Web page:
GlobalData’s SME Insurance Survey indicates that almost 50% of medium-sized enterprises are aware that the cyber risks they face have increased since the pandemic. Affordable insurance cyber cover may be the answer.
Medium-sized companies are most aware of the growing risks – 49.3% stated their cyber risks have increased, to some extent, since the pandemic began.
The Insurance Survey shows that many SMEs are aware of the increasing cyber risks they are facing since the onset of the pandemic.
Realization is changing the dynamic of cyber risk management, pushing damage limitation to the forefront and, as a result, turning the spotlight on attack detection.
This figure decreases with business size, with 36.6% of small companies, 27% of microenterprises, and 16.6% of sole traders indicating the same.
Detecting when a malicious actor has access, or is attempting to gain access, to an organization’s systems is the foundation on which response and recovery are built.
And it is an element whose benefit can be measured in cash. The average cost of a cyber breach lasting 200 days or more was $4.86 million, technology company IBM said in its “Cost Of A Data Breach Report“.
Sums like that underline the importance of detection to companies’ cyber risk management, according to Beinsure Cyber Risk Detection Survey. And they highlight why S&P Global Ratings considers effective cyber detection to be integral to cyber risk management and ultimately a potential factor in the assessment of issuers’ credit worthiness.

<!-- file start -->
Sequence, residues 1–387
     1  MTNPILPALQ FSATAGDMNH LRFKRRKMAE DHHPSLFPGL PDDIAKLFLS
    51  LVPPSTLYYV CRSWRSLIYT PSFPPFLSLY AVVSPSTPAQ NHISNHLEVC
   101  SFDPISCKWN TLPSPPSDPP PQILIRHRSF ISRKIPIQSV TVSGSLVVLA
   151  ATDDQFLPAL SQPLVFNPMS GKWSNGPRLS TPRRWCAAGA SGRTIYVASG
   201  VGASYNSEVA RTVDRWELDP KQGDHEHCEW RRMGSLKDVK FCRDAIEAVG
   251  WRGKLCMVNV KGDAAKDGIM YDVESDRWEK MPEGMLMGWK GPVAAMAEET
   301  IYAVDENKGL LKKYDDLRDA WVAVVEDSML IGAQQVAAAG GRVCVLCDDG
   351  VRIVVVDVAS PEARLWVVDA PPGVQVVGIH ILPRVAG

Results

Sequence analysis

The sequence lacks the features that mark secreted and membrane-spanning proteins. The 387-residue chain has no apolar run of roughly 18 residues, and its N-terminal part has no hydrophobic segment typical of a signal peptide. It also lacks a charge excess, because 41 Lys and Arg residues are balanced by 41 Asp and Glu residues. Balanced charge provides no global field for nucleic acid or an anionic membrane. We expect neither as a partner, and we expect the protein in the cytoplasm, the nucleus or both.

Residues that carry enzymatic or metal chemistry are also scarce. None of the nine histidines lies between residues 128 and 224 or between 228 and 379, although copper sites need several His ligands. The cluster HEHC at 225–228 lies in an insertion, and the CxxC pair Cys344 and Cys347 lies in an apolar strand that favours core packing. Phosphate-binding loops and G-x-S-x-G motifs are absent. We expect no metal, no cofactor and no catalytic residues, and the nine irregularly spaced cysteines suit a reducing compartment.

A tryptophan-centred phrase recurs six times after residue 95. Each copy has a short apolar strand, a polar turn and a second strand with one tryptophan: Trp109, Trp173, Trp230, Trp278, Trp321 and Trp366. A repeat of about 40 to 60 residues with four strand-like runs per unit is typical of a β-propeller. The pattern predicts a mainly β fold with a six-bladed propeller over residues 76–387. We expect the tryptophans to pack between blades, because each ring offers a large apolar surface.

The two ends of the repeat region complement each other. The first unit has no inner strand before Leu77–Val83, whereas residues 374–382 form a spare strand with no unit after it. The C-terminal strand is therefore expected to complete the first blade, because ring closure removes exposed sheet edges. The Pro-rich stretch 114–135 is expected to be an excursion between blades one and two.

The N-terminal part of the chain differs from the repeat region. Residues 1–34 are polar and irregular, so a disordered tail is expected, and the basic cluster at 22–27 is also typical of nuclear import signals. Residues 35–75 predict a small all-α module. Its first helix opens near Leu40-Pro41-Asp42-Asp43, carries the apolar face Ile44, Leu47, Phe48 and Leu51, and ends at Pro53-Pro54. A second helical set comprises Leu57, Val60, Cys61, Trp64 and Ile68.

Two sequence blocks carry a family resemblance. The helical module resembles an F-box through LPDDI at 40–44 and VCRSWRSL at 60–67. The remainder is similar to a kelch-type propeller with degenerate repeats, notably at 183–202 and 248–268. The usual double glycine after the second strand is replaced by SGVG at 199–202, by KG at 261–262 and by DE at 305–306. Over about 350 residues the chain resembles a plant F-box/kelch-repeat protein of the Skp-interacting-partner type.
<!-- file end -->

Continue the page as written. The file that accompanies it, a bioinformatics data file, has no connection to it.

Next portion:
Cyber insurance is no longer deemed a nice-to-have accessory for businesses. In 2023, its importance will only increase, as coverage becomes a seal of approval, indicating the organisation’s strong cyber security posture to customers, partners and peers.
According to Cyber Insurance Trends, to attain coverage, businesses need to demonstrate good ‘cyber health’ credentials in the first place – creating a vicious cycle where neither goal can be reached without achieving the other.
According to a survey run by Datto in 2023, many of the reasons companies experience cybersecurity issues are due to human error rather than flawed defense systems.
Leading reasons respondents gave for cybersecurity issues were phishing emails (37%), malicious websites (27%), weak passwords (24%), poor user practice (24%), and lack of cybersecurity training for the end user (23%) and administrator (19%).
This suggests that user training and good cybersecurity practice should remain the key focuses for businesses when dealing with cyber threats.